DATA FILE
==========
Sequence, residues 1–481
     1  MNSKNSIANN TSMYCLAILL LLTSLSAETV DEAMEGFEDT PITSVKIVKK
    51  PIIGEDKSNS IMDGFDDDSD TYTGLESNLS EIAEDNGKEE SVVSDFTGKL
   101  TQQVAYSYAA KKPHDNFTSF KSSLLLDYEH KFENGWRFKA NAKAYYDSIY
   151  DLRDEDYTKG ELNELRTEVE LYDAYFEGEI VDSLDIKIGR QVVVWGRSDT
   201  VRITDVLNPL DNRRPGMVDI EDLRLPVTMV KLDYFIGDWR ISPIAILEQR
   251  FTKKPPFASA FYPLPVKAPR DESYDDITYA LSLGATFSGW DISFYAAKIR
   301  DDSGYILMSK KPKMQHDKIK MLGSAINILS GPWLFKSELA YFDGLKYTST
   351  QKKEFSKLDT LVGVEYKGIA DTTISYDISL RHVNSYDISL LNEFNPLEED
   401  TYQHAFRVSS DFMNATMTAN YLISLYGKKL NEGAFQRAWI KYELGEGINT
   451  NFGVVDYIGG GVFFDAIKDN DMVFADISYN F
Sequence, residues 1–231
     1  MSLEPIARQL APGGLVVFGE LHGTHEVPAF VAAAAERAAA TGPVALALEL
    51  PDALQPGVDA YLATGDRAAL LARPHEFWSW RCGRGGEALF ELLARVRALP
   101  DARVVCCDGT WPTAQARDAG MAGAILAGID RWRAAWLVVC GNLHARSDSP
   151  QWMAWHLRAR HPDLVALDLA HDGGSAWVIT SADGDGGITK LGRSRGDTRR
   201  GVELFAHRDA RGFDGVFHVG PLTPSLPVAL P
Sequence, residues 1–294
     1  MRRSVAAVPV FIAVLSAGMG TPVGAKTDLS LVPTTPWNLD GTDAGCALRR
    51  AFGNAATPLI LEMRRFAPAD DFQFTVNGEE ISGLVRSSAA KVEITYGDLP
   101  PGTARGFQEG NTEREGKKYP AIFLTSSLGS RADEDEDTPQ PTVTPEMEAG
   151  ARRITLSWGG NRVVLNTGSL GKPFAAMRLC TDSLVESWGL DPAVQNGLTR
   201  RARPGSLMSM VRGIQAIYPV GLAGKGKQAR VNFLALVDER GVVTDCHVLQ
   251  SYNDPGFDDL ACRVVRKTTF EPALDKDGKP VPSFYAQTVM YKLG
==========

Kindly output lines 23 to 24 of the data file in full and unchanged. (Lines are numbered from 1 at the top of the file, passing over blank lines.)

   201  RARPGSLMSM VRGIQAIYPV GLAGKGKQAR VNFLALVDER GVVTDCHVLQ
   251  SYNDPGFDDL ACRVVRKTTF EPALDKDGKP VPSFYAQTVM YKLG